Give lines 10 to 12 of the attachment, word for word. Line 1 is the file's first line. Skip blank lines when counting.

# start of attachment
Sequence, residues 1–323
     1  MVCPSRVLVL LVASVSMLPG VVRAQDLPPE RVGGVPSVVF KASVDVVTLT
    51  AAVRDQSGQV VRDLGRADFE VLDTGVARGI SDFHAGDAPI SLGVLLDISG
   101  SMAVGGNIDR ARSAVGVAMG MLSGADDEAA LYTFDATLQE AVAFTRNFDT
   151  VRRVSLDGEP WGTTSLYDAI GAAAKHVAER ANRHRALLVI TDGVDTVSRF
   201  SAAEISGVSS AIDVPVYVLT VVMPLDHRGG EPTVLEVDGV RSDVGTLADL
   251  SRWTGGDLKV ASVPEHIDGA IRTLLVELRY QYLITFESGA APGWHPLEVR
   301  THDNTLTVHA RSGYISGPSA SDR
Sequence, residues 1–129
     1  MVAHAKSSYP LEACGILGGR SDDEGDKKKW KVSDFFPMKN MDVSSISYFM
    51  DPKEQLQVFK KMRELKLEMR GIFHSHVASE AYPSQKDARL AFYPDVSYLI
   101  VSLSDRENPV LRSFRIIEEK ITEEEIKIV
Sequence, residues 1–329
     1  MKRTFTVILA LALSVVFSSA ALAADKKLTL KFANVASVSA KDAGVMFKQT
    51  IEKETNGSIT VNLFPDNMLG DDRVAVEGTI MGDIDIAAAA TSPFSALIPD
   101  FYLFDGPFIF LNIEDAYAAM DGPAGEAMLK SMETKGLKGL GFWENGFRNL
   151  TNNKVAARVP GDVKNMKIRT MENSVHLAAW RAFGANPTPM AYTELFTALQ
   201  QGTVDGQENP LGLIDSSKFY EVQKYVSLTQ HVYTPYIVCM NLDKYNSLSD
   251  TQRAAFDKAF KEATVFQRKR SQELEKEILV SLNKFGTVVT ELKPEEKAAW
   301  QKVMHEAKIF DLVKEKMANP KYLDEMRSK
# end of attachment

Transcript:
     1  MVAHAKSSYP LEACGILGGR SDDEGDKKKW KVSDFFPMKN MDVSSISYFM
    51  DPKEQLQVFK KMRELKLEMR GIFHSHVASE AYPSQKDARL AFYPDVSYLI
   101  VSLSDRENPV LRSFRIIEEK ITEEEIKIV